New directionsWomen's literature, like minority literature and surrealism, first became aware of itself as a driving force in American life during the late 1960s. It flourished in the feminist movement initiated in that era.
Recent directions in American poetry include the "language poets" loosely associated with Temblor magazine. Among them are Bruce Andrews, Lyn Hejinian, Douglas Messerli [editor of "Language" Poetries: An Anthology (1987)], Bob Perelman, and Barret Watten, author of Total Syntax(1985), a collection of essays. They stretch language to reveal its potential for ambiguity, fragmentation, and self-assertion within chaos. Ironic and postmodern, they reject "metanarratives" -- ideologies, dogmas, conventions -- and doubt the existence of transcendent reality. Michael Palmer writes:
left too long in the house
Bob Perelman's "Chronic Meanings" begins:
Five words can say only.
Black sky at night, reasonably.
I am, the irrational residue...
Viewing art and literary criticism as inherently ideological, they oppose modernism's closed forms, hierarchies, ideas of epiphany and transcendence, categories of genre and canonical texts (accepted literary works). Instead they propose open forms and multicultural texts. They appropriate images from popular culture, the media, and fashion and refashion them. Like performance poetry, language poems often resist interpretation and invite participation.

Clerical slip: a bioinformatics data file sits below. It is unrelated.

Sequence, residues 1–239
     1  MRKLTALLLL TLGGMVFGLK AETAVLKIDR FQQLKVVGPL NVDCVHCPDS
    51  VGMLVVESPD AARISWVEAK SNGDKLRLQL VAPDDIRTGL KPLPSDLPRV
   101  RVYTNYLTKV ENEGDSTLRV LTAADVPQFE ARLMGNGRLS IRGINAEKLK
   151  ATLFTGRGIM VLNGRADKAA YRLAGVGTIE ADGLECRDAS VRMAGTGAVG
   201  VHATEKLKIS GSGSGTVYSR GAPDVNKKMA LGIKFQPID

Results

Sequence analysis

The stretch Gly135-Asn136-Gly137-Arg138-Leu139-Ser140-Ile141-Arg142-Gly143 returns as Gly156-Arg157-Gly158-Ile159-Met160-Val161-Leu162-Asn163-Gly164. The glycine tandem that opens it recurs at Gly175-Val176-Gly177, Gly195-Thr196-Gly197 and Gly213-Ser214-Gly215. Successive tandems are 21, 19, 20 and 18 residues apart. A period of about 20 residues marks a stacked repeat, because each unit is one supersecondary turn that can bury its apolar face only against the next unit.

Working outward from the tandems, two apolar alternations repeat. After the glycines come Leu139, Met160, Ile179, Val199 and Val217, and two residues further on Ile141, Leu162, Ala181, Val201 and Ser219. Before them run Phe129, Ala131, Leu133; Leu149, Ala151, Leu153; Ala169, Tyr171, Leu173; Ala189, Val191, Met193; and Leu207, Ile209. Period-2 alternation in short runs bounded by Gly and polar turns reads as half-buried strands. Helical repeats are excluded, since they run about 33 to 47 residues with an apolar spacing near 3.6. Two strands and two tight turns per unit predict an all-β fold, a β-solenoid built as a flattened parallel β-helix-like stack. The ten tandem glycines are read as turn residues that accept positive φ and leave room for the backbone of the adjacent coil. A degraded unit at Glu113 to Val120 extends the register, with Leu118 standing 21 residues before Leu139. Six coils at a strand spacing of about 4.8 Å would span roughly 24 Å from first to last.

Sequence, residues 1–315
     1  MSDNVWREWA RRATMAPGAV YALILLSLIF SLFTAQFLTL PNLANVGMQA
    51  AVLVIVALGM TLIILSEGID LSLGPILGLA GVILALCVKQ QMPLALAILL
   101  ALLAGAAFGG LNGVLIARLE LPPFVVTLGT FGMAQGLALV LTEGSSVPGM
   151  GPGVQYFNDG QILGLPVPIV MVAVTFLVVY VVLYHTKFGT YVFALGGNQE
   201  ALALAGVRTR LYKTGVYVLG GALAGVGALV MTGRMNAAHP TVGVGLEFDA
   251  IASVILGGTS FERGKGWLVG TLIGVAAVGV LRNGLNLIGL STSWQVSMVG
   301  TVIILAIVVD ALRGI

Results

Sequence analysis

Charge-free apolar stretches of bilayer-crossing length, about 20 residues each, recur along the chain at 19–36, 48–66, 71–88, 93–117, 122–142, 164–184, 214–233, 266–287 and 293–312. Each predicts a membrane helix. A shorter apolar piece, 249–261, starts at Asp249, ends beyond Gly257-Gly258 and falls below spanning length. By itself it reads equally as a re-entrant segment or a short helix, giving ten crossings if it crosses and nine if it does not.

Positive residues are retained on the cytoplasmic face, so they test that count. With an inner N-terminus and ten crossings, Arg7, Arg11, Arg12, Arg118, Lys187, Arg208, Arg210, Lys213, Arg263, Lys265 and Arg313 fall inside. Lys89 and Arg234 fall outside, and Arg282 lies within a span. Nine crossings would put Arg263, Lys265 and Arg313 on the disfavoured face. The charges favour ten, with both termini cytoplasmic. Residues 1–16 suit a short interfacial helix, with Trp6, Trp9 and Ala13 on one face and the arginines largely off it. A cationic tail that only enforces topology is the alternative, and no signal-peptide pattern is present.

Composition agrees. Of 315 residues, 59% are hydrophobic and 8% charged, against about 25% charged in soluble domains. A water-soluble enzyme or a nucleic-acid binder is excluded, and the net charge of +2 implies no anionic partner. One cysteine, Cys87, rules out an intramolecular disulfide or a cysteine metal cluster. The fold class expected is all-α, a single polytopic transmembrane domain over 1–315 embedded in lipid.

Performance-oriented poetry (associated with chance operations such as those of composer John Cage), jazz improvisation, mixed media work, and European surrealism have influenced many U.S. poets. Well-known figures include Laurie Anderson, author of the international hit United States (1984), which uses film, video, acoustics and music, choreography, and space-age technology. Sound poetry, emphasizing the voice and instruments, is practiced by poets David Antin (who extemporizes his performances) and New Yorkers George Quasha (publisher of Station Hill Press), Armand Schwerner, and Jackson MacLow. MacLow has also performed visual or concrete poetry, which makes a visual statement using placement and typography. Ethnic performance poetry entered the mainstream with rap music, while across the United States "poetry slams" -- open poetry reading contests that are held in alternative art galleries and literary bookstores -- have become inexpensive, high-spirited participatory entertainments.
At the opposite end of the theoretical spectrum are the self-styled "New Formalists," who champion a return to form, rhyme, and meter. All groups are responding to the same problem - - a perceived middle-brow complacency with the status quo, a careful and overly polished sound, often the product of poetry workshops, and an overemphasis on the personal lyric as opposed to the public gesture. The formal school is associated with Story Line Press; Dana Gioia (a businessman-poet); Philip Dacey, and David Jauss, poets and editors of Strong Measures: Contemporary American Poetry in Traditional Forms (1986); Brad Leithauser; and Gjertrud Schnakenburg. Robert Richman's The Direction of Poetry: Rhymed and Metered Verse Written in English Since 1977 is a recent anthology. Though these poets have been accused of retreating to 19th-century themes, they often draw on contemporary stances and images, along with musical language and traditional, closed forms.